“How do you pack snacks and meals for your weekend day trips? What items help most?”
There are always ways to find excuses for skipping a diet day. Especially a diet where everything is strictly monitored, weighed, and appropriately paired with other approved food items for the day. It’s generally easier to just say, “It’s only for one day”, as you drive to the restaurant or through the drive-up window for your order. After all, just one turkey sandwich can’t be all that bad…except when you are restricted from gluten, condiments, and processed foods. Oh sure, you can have turkey, but never, I repeat never the amount that would be in said sandwich, because the amount of turkey allowed in one week is carefully weighed out and divided out over a few meals, to make it last longer, and it’s nowhere near what’s sitting on that sandwich. So, what do we do if we want to go somewhere away from our own refrigerators and fruit and veg bins?
Let’s take a day when you’re planning to drive to a trailhead somewhere in the next county and plan on being out all day…away from your approved meals and food supply. This is something I do on a regular basis…drive out of the county, hit a trail, or visit a garden or reserve, and spend some time there. Very often, I’m out all day.
What do I do, and how do I approach being away from my ready supply of food? I remembered what it was like to be a mom of a baby. I remembered that whenever we went somewhere, it wasn’t just my daughter and I climbing into the car and taking off. I had to do a bit of planning, pack some supplies…such as extra changes of clothes for the baby, her food and milk, her toys and teething ring, and her diapers. We never left the house without this bag of supplies. Well, that’s what it’s like. Only now all the preparations and packing are for myself, to make sure I don’t get caught somewhere hours out on a trail, without something to eat. It’s important for two reasons…1) I don’t want there to be a reason to cheat, because it only hurts me; and 2) If I’m actively hiking a
trail, and I’m on really lean foods with no carbs and nothing to fall back on, my blood sugar can drop significantly, so I need to make sure I’m bringing the fuel needed to keep me going. I’ve noticed since making this lifestyle change that when I’m not prepared, my body pays for it.
What types of things do I bring with me that fit within my diet restrictions? First, I think of any meals I might be missing and understand that I’ll most likely be out on the trail somewhere when they happen, so I pack things like fresh mixed veggies and arugula with spinach, a small container of black beans, and a bit of my fresh homemade salsa. Just like that, I have a Mexican flavored salad with veggies and the protein of the beans to fuel me up. It’s all lightweight, easy to pack, and delicious. I also bring one or two boiled egg whites or a few almonds to munch along the trail to keep me going. Another thing I do is pack cut up veggie sticks like celery, zucchini, cucumber, and only a few small sticks of carrots (due to sugar content), and a small container of almond butter or balsamic vinegar to dip them in. Yum! It’s a great power punch with added protein and it really does make a difference. I do always take water and green tea with me everywhere I go, because hydration is important. I also have a couple servings of electrolyte powder to add to my water if needed.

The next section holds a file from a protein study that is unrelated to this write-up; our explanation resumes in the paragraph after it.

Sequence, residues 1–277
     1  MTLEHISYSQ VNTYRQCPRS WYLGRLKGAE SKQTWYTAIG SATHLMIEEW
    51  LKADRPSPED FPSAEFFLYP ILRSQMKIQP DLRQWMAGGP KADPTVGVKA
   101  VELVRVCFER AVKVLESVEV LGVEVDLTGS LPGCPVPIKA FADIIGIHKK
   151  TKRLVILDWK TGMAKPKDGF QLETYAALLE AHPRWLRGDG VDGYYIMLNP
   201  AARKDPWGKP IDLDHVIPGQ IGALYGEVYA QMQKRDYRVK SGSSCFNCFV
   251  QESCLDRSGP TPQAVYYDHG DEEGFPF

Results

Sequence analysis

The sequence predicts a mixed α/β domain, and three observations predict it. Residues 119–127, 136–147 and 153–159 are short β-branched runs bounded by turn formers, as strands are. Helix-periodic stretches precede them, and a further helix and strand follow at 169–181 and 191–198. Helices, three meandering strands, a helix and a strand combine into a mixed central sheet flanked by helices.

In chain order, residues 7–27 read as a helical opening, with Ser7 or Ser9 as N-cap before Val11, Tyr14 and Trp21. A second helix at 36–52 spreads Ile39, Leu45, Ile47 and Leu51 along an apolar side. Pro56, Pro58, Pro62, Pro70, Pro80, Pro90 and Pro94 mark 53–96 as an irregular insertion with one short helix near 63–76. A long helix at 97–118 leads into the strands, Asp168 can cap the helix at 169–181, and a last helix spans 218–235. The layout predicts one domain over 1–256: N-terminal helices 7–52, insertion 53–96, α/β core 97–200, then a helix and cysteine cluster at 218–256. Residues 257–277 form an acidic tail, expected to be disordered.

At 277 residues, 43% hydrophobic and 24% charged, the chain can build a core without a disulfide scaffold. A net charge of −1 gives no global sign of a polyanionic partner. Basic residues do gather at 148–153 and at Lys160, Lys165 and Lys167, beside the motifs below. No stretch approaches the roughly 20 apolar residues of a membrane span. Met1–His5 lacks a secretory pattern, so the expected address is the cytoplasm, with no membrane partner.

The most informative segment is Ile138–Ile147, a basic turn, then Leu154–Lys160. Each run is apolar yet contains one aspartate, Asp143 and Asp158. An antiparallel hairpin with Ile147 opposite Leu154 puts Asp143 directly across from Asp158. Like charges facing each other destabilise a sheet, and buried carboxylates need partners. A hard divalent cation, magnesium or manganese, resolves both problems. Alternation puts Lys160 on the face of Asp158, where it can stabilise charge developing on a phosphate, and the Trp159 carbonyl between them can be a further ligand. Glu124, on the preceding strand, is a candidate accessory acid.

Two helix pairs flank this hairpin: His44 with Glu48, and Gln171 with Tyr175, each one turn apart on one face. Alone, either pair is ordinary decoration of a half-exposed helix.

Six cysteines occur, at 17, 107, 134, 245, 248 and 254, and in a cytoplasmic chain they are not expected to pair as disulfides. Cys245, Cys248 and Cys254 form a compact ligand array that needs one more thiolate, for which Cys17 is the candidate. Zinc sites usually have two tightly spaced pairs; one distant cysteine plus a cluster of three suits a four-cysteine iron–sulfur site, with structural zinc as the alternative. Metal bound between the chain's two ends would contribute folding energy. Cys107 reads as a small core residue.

Here’s another tip…if you’re planning an outing with someone else, make sure they have all the same things to eat that you will. Otherwise, they may feel the need to stop at that drive-through for a quick burger, and that’s just going to remove you from the happy place you were in after your hike in the trees. If they aren’t prepared to pack appropriately, help them by packing extra. Sharing is caring…most specifically when you’re out with others and need to succeed.
When I know I’m staying overnight somewhere on an extended trip, I pack a few of my approved prepared meals in an ice chest for lunches and dinners, along with boiled egg whites and a small bit of fruit for breakfast, and I only stay at locations where microwaves or stoves are available to heat the food up. Again, it’s just a bit more planning, but it’s worth it, and let’s face it, some of us don’t have the option of failing because it can create some serious health issues.
When I plan on traveling out of the country, I research their local crops to see what’s available that time of year, make meal plans to cover my time away, and then stop at the local shops to pick up those items to eat. I stay in places with refrigerators and stoves so I can cook what I need, and I usually spend the first day in a place shopping and cooking for the next few days. I also take a small collapsible ice bag to take meal items with me when I’m out on the road.
The main thing to take away from this is, just like bringing an extra jacket or pair of shoes when we leave the house, think about the length of time you’ll be away, and understand that whatever is eaten during your time away, needs to be provided by yourself. We are ultimately responsible for ourselves. If we succeed…hooray! If we fail, there is no one else to point a finger at or to blame. I’m lucky because right now I have a team working along with me on this journey. I will admit, this would all be more complicated on my own so I’m grateful for the support. But when that support eventually subsides, I’ll still be responsible to make sure I carry all that I’ve learned throughout this process and keep moving in the right direction.